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UMSOM's Department of Radiation Oncology Announces New Endowed Professorship and Senior Leadership Appointments in the Department

November 17, 2020

Isabel Lauren Jackson, PhD

Dr. Isabel Lauren Jackson Will Be Named as the Second Greenebaum Professor in Radiation Oncology; Dr. Elizabeth Nichols and Dr. Zeljko Vujaskovic Named Department Vice Chairs

University of Maryland School of Medicine (UMSOM) Department of Radiation Oncology Chair William F. Regine, MD, FACR, FACRO, along with UMSOM Dean E. Albert Reece, MD, PhD, MBA, announced today that three prominent faculty members in the Department of Radiation Oncology will be promoted into leading department positions that recognize their outstanding academic scholarship and success.

Isabel Lauren Jackson, PhD, Associate Professor and Deputy Director of the Division of Translational Radiation Sciences (DTRS) in the Department of Radiation Oncology, will be named as the second Marlene and Stewart Greenebaum Endowed Professor in Radiation Oncology. An Endowed Professorship is the highest honor that a faculty member can receive at the UMSOM. In addition, Elizabeth Nichols, MD, Associate Professor and Clinical Director, and Zeljko Vujaskovic, MD, PhD, Professor and Director of the DTRS, have been named Vice Chairs in the Department.

Dr. Jackson to Receive UMSOM Faculty’s Highest Honor

Dr. Jackson will become the Marlene and Stewart Greenebaum Endowed Professor in Radiation Oncology, the 85th such Endowed Professorship at the UMSOM. This honor recognizes Dr. Jackson to be among the most distinguished faculty members at the School of Medicine. This endowed professorship has been made possible by the continued generosity of the Greenebaum Family Foundation.

Michael GreenebaumSpeaking on behalf of his family, Michael Greenebaum, President of Greenebaum Enterprises and a member of the UMSOM Board of Visitors, said, “We are so pleased that Dr. Jackson is receiving the Marlene & Stewart Greenebaum Professorship in Radiation Oncology. Our family continues to support the University of Maryland School of Medicine, and this professorship will provide vital funding for Dr. Jackson’s outstanding research in the fight against cancer.”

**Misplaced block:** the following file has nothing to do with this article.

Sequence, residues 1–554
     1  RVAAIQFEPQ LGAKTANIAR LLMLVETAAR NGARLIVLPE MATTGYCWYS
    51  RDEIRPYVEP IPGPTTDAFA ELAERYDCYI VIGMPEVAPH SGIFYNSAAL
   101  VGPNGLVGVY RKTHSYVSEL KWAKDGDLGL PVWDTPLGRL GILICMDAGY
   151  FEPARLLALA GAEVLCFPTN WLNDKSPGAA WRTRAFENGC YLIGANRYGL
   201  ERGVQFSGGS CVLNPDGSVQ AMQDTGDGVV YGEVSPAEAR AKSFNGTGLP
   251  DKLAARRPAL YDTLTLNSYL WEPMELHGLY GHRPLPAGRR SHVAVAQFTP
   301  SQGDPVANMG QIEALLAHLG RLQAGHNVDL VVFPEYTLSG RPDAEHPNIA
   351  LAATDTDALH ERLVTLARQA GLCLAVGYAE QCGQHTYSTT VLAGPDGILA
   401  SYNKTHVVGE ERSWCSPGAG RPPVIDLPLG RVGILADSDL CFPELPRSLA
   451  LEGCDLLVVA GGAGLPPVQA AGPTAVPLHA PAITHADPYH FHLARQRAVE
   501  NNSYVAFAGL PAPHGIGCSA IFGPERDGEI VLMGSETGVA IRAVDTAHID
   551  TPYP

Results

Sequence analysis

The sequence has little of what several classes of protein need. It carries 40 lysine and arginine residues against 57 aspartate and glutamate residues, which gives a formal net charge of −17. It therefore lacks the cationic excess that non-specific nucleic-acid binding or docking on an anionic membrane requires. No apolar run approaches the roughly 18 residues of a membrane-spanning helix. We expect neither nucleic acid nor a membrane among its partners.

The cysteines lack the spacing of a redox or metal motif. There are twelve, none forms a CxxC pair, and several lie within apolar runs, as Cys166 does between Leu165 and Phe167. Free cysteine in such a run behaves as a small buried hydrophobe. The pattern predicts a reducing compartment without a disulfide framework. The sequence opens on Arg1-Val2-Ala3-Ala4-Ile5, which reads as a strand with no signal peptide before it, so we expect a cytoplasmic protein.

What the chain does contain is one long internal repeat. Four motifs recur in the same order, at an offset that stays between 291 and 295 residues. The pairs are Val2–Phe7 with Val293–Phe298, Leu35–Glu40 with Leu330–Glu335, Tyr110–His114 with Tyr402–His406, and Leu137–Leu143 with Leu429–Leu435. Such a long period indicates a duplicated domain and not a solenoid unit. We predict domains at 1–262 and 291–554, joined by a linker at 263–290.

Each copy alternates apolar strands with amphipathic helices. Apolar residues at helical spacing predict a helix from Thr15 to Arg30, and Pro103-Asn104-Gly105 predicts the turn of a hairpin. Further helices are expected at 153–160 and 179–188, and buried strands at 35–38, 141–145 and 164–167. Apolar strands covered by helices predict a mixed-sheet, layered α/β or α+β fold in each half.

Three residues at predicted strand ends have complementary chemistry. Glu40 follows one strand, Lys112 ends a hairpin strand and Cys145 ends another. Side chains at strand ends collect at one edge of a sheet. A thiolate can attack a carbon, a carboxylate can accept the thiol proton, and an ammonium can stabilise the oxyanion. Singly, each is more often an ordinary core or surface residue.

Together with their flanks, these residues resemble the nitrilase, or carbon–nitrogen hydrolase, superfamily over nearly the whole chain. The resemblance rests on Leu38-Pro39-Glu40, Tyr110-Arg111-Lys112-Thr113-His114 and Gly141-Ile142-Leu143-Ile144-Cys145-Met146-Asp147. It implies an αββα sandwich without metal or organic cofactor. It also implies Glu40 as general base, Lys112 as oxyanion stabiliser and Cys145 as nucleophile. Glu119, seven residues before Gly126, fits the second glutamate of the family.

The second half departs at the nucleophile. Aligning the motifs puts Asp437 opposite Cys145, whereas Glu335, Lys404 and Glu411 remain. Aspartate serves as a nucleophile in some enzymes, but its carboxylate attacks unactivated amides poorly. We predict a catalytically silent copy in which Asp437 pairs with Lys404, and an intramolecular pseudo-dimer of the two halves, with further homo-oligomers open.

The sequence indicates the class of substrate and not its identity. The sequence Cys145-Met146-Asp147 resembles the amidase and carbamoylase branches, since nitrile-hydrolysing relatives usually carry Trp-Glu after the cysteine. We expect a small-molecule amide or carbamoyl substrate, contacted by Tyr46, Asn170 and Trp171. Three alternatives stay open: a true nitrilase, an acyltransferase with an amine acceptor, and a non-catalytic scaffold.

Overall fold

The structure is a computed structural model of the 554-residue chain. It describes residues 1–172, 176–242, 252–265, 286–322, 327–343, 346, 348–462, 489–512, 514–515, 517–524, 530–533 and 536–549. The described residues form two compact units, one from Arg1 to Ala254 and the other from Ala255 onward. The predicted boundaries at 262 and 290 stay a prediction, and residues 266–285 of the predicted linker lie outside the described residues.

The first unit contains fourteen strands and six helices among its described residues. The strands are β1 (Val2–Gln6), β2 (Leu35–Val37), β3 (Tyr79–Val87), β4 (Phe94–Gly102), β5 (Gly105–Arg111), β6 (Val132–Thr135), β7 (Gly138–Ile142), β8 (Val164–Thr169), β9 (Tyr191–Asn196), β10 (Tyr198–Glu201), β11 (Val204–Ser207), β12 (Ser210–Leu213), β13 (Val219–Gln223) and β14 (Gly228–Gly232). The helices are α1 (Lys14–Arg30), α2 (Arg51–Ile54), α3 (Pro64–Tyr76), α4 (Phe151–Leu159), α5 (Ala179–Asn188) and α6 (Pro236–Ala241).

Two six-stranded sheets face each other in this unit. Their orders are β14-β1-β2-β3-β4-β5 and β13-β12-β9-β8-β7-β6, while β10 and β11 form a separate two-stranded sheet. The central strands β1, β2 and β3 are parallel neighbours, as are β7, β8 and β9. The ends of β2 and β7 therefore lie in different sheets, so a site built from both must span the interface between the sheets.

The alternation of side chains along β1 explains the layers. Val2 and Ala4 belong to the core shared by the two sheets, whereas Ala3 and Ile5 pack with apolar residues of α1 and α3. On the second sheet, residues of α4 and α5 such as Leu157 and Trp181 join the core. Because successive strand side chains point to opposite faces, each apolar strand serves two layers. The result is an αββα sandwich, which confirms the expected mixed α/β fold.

Mohan Suntha, MDA formal investiture ceremony to honor Dr. Jackson on the receipt of this recognition will be scheduled for a future date. Once invested, she will join Mohan Suntha, MD, MBA, who is also a Marlene and Stewart Greenebaum Endowed Professor of Radiation Oncology. He is also the President and CEO of the University of Maryland Medical System (UMMS). “For the past three decades, the Greenebaum family have been tremendous supporters of our collective mission,” said Dr. Suntha. “This recognition of Dr. Jackson’s track record of academic excellence is the latest way we are paying tribute to the family’s aspirations for our institution.”

Kevin J. Cullen, MD, the Marlene and Stewart Greenebaum Distinguished Professor of Oncology at UMSOM, and director of the University of Maryland Marlene and Stewart Greenebaum Comprehensive Cancer Center (UMGCCC), added, “I congratulate Dr. Jackson on her appointment as a Greenebaum Endowed Professor. The tremendous support of the Greenebaum family is felt throughout the Cancer Center and across this campus. These professorships have done much to promote excellence in research and to elevate the status of the Department of Radiation Oncology and the UMGCCC.”

Dr. Jackson, who joined the Department of Radiation Oncology in 2012, is a dynamic and outstanding researcher and educator who has brought international attention and significant research and funding to the University of Maryland School of Medicine in the research area of radiation countermeasures. She has also proven to be a leader in laboratory development and management, working with Dr. Vujaskovic to create new models for extramural support. DTRS now has a funding portfolio of more than $45 million, including significant support from the Biomedical Advanced Research and Development Authority (BARDA), the National Institute of Allergy and Infectious Diseases (NIAID), and industry.

E. Albert Reece, MD, PhD, MBA“Dr. Jackson is an exceptionally talented faculty leader who is increasingly recognized as a national and international leader for her research and discovery in developing medical countermeasures against radiation sickness,” said Dean Reece, who is also Executive Vice President for Medical Affairs, UM Baltimore, and the John Z. and Akiko K. Bowers Distinguished Professor.  “In recognition of the impact Dr. Jackson has as an academic leader in her field, she is most deserving of this high honor.”

As Director of the Medical Countermeasures Program in Radiation Oncology, Dr. Jackson has strategically developed the organizational structure, recruited talent, and secured funding to build the reputation of the program into the premier site for medical countermeasure research on the national and international stages. “Dr. Jackson is an internationally recognized rising superstar in the field of Radiation Biology who has brought tremendous recognition to both our department and School of Medicine,” said Dr. Regine. “She will no doubt soar to even greater heights of research success as a Marlene and Stewart Greenebaum Endowed Professor, which will ultimately improve the lives of cancer patients around the world.”

Most recently, Dr. Jackson wrote and coordinated submission of the proposal that led to her department’s designation as a NIAID/NIH Center for Medical Countermeasures against Radiation (an award of more than $12 million plus options), as well as supplemental funds from BARDA (>$7m) to continue the Division’s critical efforts towards development of medical countermeasures against acute radiation sickness. “I am both humbled and honored by this appointment,” said Dr. Jackson. “In no small measure, this recognition springs from the support and opportunities that Dean Reece and Dr. Regine have given me over the years. Looking ahead, I will employ this professorship thoughtfully and purposefully in honoring the Greenebaum family’s commitment to improve the lives of cancer patients.”